• ‘It is perhaps fitting that the unity of a book on Decadent literature should be best experienced ‘decomposed’ to give place to the independence of each chapter. There is no doubt, however, that the high quality of its constituent parts forms a significant contribution to Sensory Studies and that the collection is a ‘must-read’ for any student of Decadence at the fin de siècle and beyond.’ — Patricia Pulham, Modern Language Review 114.1, January 2019, 128-29 (full text online)
  • ‘Desmarais and Condé have done an enormous service by opening up this can of repulsive worms.’ — Dennis Denisoff, Victorian Studies 61.2, Winter 2019, 554-56

Haunted Serbia: Representations of History and War in the Literary Imagination
David A. Norris
Legenda (General Series) 1 September 2016

  • ‘This is a remarkable study, which accomplishes a lot more than a brief review can mention. One of its greatest merits is the convincing and coherent narrative which strings together a large number of apparently disparate works around an axis which is at one and the same time a literary one — the uncanny and its Gothic repertoire — and extra-literary: searching for meaning in both recent past and in contemporary events. Admirably well researched, Haunted Serbia offers an invaluable insight into a turbulent though fruitful period of Serbia’s literary history, which up until now was uncharted territory.’ — Zoran Milutinović, Slavonic and East European Review 95.2, April 2017, 353-54 (full text online)
  • ‘David A. Norris, direttore del Department of Russian and Slavonic Studies dell’Università di Nottingham, disegna un panorama della narrativa a tema bellico nella letteratura serba della seconda metà del XX secolo guardando ad essa dall’angolatura delle “ways in which narrative fiction represents the changing relationship between past and present in times of crisis” (p. 35)... L’interessante sintesi di D. A. Norris, proprio per la complessità del materiale da essa messo in circolazione, induce a più di qualche riflessione.’ — Janja Jerkov, Ricerche Slavistiche N.S. 14, 2016, 560-72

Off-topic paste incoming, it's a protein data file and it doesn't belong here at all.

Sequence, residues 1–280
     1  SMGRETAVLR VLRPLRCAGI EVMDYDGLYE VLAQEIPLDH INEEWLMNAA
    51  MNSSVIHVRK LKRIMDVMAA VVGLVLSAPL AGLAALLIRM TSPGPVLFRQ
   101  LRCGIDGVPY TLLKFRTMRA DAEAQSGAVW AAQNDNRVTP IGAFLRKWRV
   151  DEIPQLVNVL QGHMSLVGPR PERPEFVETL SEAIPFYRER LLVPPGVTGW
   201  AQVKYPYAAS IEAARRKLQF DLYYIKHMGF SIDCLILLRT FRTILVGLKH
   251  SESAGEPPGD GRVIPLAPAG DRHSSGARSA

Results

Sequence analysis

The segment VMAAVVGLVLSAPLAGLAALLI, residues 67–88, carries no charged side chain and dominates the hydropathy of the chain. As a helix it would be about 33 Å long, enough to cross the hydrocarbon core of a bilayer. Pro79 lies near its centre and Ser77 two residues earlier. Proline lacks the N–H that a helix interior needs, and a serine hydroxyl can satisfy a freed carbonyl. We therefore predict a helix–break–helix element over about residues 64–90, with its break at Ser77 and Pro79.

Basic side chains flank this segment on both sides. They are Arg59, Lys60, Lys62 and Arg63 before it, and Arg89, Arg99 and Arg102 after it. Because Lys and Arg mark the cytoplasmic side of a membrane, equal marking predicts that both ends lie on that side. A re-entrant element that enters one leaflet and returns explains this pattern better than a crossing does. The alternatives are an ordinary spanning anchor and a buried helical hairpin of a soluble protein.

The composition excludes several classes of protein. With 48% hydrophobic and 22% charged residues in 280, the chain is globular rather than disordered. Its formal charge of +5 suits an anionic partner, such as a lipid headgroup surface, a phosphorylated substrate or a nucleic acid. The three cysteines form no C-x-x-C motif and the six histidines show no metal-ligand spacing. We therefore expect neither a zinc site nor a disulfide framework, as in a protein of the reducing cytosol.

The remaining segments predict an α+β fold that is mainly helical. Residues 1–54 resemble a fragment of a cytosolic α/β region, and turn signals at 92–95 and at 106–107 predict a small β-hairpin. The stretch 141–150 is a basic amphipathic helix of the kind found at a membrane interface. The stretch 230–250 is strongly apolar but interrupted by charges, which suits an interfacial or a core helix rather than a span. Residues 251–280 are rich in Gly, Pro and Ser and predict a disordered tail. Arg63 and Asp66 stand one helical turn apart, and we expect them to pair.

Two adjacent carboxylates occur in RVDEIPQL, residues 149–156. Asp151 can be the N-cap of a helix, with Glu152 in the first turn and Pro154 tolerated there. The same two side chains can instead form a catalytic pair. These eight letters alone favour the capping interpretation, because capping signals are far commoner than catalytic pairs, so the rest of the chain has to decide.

• ‘In this well-informed, logically structured study, David A. Norris o ers a lucid and original interpretation of important and in uential Serbian narrative ction between the demise of Tito in 1980 and the NATO bombing of Serbia in 1999.’ — Ralph Bogert, Slavic Review Summer 2018, 510-12

The History of Language Learning and Teaching I: 16th-18th Century Europe
Edited by Nicola McLelland and Richard Smith
Legenda (General Series) vol 1 of 330 September 2018